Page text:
Researchers infect rhesus macaques with the virus to better study its effects in humans.
Thermoplasma acidophilum is an archaeon that lives off the carcasses of organisms that perish in its hot, acidic home. In the 28 September Nature, Ruepp et al. find that the microbe has scavenged genes from its neighbors in order to survive (Nature 2000, 407:508-513). T. acidophilum was originally suspected to be an ancestor of the eukaryotes, as it has complexes involved in protein folding, degradation and turnover that look like simplified versions of the corresponding eukaryotic complexes. Bu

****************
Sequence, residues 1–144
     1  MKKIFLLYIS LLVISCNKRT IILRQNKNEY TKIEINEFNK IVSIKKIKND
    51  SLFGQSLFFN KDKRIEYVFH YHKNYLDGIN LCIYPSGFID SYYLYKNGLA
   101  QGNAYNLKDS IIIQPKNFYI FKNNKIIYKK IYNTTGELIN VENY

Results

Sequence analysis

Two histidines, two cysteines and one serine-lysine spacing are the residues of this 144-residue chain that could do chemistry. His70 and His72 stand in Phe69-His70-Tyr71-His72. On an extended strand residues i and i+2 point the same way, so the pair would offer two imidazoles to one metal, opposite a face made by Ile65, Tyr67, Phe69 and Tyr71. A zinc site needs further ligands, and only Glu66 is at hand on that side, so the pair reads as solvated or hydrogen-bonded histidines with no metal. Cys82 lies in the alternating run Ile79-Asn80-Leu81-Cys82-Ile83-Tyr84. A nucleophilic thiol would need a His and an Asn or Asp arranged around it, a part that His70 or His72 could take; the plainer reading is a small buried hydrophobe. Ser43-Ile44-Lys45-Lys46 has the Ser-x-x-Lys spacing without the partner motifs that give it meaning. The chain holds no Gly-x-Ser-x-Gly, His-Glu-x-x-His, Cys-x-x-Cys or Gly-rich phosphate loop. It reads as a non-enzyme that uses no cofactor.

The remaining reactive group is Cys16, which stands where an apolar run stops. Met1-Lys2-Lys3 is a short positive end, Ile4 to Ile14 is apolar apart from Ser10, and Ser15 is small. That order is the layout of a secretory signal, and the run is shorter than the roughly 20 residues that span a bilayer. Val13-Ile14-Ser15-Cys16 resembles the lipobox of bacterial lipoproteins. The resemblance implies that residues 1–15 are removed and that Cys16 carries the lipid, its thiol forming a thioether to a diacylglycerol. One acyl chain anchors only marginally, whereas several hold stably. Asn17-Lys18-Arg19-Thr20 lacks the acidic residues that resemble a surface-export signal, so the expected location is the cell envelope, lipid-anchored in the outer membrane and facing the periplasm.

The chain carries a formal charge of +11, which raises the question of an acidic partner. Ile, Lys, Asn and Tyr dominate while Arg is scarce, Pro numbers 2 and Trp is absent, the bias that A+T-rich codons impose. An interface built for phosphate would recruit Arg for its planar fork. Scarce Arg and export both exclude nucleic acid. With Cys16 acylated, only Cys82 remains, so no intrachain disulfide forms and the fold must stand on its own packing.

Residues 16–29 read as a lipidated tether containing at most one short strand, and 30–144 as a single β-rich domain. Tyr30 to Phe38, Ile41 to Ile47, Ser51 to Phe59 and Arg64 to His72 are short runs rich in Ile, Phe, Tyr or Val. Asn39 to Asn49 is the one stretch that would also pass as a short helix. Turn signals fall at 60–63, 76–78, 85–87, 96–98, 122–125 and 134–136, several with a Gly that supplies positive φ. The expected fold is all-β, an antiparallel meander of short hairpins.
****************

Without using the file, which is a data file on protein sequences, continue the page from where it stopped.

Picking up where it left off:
October 4, 2000|